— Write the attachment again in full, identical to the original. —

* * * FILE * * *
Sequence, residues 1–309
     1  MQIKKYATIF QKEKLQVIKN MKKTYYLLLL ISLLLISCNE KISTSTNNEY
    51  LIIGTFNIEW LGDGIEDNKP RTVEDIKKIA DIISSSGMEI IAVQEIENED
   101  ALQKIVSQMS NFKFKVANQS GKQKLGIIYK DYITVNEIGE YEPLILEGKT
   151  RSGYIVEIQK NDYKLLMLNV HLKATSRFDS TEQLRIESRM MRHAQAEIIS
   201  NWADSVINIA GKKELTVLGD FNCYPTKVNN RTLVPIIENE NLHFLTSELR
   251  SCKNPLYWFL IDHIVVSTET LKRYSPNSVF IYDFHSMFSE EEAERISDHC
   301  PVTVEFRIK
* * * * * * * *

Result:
Sequence, residues 1–309
     1  MQIKKYATIF QKEKLQVIKN MKKTYYLLLL ISLLLISCNE KISTSTNNEY
    51  LIIGTFNIEW LGDGIEDNKP RTVEDIKKIA DIISSSGMEI IAVQEIENED
   101  ALQKIVSQMS NFKFKVANQS GKQKLGIIYK DYITVNEIGE YEPLILEGKT
   151  RSGYIVEIQK NDYKLLMLNV HLKATSRFDS TEQLRIESRM MRHAQAEIIS
   201  NWADSVINIA GKKELTVLGD FNCYPTKVNN RTLVPIIENE NLHFLTSELR
   251  SCKNPLYWFL IDHIVVSTET LKRYSPNSVF IYDFHSMFSE EEAERISDHC
   301  PVTVEFRIK